The federal government will spend $17 billion on individual health insurance market subsidies in 2018, according to a Monday report from the Center for Medicare and Medicaid services.
The average subsidy rose from $373 in 2017 to $520 in 2018, a an increase of 39 percent, according to the report .
The reason for the increase in premium subsidies is the increase in premiums, the report states. Premiums rose 21 percent from 2016 to 2017, and an additional 27 percent from 2017 to 2018.
However, decrease in unsubsidized individual market enrollees is accelerating both of these trends. Unsubsidized enrollment decreased 20 percent from 2016 to 2017, according to the report. In contrast, subsidized enrollment only decreased 3 percent in the same time period. (RELATED: A Third Of GoFundMe Pages Are For Health Care Expenses)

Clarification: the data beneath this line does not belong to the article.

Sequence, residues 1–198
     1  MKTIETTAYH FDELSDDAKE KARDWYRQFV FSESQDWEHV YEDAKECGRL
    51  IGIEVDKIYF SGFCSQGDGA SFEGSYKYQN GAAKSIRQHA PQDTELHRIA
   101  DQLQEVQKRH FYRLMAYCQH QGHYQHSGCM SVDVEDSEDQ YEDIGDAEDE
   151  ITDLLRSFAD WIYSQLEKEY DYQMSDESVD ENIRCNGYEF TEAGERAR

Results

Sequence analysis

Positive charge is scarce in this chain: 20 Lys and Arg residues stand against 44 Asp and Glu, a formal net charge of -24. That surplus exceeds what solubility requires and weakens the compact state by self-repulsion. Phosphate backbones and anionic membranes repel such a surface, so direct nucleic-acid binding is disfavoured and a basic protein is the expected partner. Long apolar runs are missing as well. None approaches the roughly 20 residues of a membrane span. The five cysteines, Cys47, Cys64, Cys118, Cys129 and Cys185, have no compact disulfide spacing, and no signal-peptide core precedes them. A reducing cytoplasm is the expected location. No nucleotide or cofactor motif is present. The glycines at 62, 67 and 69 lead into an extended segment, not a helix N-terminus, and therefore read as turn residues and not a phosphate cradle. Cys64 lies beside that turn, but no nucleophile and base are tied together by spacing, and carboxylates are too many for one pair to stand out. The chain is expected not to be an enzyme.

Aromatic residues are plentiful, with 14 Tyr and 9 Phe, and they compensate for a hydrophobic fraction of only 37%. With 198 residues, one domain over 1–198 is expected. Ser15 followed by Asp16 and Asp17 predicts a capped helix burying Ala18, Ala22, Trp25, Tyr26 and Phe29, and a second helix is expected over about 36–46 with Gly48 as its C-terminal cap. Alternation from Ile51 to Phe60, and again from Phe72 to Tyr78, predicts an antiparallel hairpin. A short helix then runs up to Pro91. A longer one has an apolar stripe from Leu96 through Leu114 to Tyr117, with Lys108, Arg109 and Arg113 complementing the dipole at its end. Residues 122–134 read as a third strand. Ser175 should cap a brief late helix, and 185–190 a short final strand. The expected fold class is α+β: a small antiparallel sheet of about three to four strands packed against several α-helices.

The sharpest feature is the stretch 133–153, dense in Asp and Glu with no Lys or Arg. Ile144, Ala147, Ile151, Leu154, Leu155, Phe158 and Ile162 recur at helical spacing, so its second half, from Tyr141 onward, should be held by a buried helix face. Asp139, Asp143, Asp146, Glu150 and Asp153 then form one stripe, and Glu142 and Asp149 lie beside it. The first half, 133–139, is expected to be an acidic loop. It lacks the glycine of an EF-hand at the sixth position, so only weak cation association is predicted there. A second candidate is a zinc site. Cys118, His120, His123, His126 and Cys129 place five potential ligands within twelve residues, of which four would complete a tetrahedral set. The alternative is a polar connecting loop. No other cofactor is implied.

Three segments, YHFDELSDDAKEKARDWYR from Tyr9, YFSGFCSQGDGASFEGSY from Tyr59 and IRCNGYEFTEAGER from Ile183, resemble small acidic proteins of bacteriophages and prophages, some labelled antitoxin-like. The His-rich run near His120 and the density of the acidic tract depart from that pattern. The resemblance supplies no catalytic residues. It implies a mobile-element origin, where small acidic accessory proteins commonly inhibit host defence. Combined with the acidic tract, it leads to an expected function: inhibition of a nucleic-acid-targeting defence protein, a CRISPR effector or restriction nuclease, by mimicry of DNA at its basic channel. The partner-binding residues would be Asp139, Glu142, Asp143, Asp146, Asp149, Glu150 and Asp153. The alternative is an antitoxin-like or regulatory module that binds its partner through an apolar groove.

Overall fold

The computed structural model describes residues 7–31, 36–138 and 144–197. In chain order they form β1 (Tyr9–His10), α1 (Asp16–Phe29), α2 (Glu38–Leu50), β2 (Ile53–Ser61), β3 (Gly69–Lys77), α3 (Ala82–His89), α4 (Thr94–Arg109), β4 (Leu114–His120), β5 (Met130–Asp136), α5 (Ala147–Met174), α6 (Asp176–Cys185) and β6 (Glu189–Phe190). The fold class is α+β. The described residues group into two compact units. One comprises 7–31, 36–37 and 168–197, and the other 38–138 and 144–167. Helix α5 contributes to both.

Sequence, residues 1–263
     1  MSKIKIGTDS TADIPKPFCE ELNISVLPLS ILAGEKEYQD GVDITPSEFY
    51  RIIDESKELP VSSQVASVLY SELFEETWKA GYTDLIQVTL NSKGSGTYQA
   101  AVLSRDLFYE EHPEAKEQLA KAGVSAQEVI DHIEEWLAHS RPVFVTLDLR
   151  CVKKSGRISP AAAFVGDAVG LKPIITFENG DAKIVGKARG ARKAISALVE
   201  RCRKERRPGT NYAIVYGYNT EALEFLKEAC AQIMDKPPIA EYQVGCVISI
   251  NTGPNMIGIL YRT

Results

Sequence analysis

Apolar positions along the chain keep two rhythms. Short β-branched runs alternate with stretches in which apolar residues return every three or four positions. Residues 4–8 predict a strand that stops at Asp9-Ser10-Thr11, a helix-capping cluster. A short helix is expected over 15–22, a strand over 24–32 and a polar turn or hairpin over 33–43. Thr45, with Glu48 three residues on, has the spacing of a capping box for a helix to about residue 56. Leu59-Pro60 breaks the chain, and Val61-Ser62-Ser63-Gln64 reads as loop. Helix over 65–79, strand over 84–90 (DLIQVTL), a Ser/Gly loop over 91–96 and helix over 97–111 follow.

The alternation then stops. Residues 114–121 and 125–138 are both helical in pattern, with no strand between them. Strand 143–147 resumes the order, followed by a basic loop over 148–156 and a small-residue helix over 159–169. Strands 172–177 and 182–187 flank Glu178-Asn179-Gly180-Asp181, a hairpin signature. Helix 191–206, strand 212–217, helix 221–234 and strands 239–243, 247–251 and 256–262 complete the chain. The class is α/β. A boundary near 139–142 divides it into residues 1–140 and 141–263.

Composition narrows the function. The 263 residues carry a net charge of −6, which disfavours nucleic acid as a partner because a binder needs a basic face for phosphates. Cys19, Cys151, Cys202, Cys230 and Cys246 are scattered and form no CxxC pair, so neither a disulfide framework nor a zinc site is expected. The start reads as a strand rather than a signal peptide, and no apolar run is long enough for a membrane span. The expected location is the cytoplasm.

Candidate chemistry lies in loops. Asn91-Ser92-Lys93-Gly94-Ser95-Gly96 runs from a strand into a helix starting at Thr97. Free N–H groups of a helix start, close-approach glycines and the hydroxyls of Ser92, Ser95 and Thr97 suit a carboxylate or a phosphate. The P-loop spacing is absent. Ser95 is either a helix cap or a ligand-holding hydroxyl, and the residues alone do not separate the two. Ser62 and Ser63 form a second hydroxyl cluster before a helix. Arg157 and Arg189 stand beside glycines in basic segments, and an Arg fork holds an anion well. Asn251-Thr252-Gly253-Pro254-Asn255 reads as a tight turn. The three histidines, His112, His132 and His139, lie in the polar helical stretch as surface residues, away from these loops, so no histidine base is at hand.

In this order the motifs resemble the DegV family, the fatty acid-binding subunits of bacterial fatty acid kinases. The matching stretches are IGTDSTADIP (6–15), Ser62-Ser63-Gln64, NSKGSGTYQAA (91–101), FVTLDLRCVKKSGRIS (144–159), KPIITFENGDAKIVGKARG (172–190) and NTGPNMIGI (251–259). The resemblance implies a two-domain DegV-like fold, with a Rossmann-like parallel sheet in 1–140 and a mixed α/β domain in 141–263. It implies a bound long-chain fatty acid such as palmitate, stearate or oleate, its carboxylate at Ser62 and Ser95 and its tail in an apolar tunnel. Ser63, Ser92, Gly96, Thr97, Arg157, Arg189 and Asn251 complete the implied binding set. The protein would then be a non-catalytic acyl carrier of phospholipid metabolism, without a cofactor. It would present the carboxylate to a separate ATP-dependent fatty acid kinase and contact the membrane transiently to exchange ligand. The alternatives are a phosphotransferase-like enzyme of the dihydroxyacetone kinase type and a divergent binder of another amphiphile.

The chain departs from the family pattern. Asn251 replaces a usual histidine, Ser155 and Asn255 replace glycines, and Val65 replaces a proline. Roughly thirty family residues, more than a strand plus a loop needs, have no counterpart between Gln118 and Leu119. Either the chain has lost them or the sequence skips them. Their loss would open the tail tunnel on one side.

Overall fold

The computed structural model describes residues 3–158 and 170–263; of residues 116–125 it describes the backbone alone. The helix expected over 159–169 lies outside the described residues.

Rising premium costs may have driven out unsubsidized enrollees, but driving out unsubsidized enrollees continues to increase premium and subsidy costs. As more people leave an insurance market, prices are likely to increase, thus, increasing the amount of subsidies needed to provide sufficient coverage to those who qualify.
Some states are seeing a “death spiral” in the unsubsidized individual market, the report states. Arizona, for example, saw a 73 percent decrease in unsubsidized individual market enrollment.
“It is clear that many Americans are being priced out of the health insurance market, especially for employed people who earn too much to qualify for tax credits and have no access to employer-sponsored coverage,” the report states.
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